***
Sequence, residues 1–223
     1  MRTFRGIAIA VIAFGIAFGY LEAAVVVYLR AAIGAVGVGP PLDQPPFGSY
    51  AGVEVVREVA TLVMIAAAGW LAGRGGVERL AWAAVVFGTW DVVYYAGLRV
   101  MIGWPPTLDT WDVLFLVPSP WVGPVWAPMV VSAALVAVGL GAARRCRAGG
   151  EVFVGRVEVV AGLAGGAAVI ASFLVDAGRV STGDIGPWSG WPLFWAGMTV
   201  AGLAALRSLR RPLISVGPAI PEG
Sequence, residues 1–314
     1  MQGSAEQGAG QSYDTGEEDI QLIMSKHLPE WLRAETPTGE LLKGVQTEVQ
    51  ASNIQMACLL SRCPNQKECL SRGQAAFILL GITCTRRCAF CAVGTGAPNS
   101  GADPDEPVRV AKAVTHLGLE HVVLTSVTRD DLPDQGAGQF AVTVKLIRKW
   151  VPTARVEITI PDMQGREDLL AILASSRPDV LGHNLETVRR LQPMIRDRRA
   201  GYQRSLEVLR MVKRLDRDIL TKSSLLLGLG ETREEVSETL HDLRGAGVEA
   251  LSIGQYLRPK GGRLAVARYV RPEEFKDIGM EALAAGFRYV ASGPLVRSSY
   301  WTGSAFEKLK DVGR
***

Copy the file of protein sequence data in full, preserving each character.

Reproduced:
Sequence, residues 1–223
     1  MRTFRGIAIA VIAFGIAFGY LEAAVVVYLR AAIGAVGVGP PLDQPPFGSY
    51  AGVEVVREVA TLVMIAAAGW LAGRGGVERL AWAAVVFGTW DVVYYAGLRV
   101  MIGWPPTLDT WDVLFLVPSP WVGPVWAPMV VSAALVAVGL GAARRCRAGG
   151  EVFVGRVEVV AGLAGGAAVI ASFLVDAGRV STGDIGPWSG WPLFWAGMTV
   201  AGLAALRSLR RPLISVGPAI PEG
Sequence, residues 1–314
     1  MQGSAEQGAG QSYDTGEEDI QLIMSKHLPE WLRAETPTGE LLKGVQTEVQ
    51  ASNIQMACLL SRCPNQKECL SRGQAAFILL GITCTRRCAF CAVGTGAPNS
   101  GADPDEPVRV AKAVTHLGLE HVVLTSVTRD DLPDQGAGQF AVTVKLIRKW
   151  VPTARVEITI PDMQGREDLL AILASSRPDV LGHNLETVRR LQPMIRDRRA
   201  GYQRSLEVLR MVKRLDRDIL TKSSLLLGLG ETREEVSETL HDLRGAGVEA
   251  LSIGQYLRPK GGRLAVARYV RPEEFKDIGM EALAAGFRYV ASGPLVRSSY
   301  WTGSAFEKLK DVGR